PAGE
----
A study of problems associated with fabric sewing in commercial garment manufacture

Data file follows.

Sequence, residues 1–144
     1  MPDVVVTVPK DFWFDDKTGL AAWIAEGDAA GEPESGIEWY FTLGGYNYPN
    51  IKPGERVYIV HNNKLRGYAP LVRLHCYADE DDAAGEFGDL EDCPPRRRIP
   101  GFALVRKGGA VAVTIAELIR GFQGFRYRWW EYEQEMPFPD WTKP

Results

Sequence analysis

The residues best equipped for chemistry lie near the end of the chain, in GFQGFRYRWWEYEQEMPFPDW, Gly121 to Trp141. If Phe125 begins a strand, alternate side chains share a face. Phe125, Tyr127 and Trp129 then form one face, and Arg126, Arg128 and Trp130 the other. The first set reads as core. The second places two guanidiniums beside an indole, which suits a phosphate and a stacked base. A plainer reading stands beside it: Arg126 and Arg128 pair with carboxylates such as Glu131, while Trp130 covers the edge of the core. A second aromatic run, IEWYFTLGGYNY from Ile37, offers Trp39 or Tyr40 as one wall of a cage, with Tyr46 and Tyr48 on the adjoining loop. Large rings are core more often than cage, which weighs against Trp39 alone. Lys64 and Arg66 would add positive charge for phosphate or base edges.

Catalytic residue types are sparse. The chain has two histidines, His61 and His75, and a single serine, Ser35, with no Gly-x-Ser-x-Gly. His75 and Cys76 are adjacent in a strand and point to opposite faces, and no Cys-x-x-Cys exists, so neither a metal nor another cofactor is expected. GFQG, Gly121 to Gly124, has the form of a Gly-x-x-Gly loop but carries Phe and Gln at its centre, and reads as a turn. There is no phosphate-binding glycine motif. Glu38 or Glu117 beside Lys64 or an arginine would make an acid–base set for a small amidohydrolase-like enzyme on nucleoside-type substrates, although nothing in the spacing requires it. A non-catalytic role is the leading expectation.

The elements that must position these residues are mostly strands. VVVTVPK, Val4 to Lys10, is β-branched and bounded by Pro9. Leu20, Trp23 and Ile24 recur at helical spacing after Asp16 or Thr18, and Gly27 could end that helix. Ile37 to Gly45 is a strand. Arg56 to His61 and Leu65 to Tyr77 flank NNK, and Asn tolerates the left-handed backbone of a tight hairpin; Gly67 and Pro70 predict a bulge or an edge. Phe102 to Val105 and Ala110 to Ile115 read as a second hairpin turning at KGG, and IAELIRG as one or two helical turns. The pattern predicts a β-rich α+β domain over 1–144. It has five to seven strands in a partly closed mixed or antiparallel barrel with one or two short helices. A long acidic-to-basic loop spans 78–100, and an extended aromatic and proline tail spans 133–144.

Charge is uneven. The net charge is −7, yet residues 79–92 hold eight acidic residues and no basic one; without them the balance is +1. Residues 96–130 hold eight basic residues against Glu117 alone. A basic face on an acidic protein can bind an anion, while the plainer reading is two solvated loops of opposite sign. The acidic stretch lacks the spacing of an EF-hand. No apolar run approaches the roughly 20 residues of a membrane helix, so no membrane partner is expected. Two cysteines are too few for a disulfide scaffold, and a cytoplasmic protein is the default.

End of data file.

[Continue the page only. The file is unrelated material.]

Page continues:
This thesis reports the results of a study of problems associated with fabric sewing, such as seam pucker and sewing damage, in commercial garment manufacture. Part 1 continues previous work by the author on seam pucker in structurally jammed fabrics; in particular it has been shown that initial Young's modulus of a fabric is a measure of the ability of the fabric to accommodate compressive forces during sewing. This result provides an additional means of predicting the tendency of a fabric to exhibit seam pucker. The static mechanism of seam pucker proposed previously, based upon the relative magnitudes of bending stiffness of thread and fabric, has been revised by establishing that sewing machine dynamics and pucker are closely related. It has been shown that presser foot bouncing in particular induces pucker and that the sewing thread needs to be positively controlled during stitch formation. These results were verified by simple experimental methods, suggesting that modifications to the sewing machine are needed. Such modifications are beyond the scope of this work. Following the earlier static mechanism of seam pucker, it has been shown that seam pucker in fabrics is reduced significantly when the bending stiffness and extensibility of the sewing thread is reduced. In addition seam pucker can be eliminated by improving fabric stiffness locally along the seam area, by incorporating a stiffening material in the seam; this is based upon the technique of pucker elimination found in the author's previous work. In this study this technique is implemented with considerable success in other types of seams and commercially available stiffening materials have been selected. Part 2 investigates sewing damage to fabrics due to sewing needle penetration. Preliminary studies suggested the need for a reliable testing facility. This was made by instrumenting an industrial overlock sewing machine. The instrumentation was based on measuring the force which is exerted by the sewing needle when penetrating the fabric. The testing facility consists of the sewing machine with a strain gauged sewing needle and plate, and a shaft encoder for stitch marking, which with proper signal amplification and conditioning could be fed to a transient recorder and osciloscope for signal capturing and plotting. Investigations with fabrics revealed that the magnitude of the peak force of each stitch cycle can be related to the degree of sewing damage in the fabric. Based on these results the most important variables in sewing damage were fabric softening and its effective application during finishing, and sewing needle size. Studies of sewing damage under dynamic conditions have shown that sewing damage is a frictional problem between yarns in the fabric and between yarns and the metal of the sewing needle, foot, plate and feed dog. The size of the needle plate of the sewing machine seems to affect the degree of damage and fabric "flagging" during sewing damage has been experienced. Finally in the latter section of this study a prototype routine sewing damage tester has been developed and each stage of its development is described. This tester is based on an instrumented overlock sewing machine, which is interfaced with an IBM PC for computerised data capture and analysis in real time.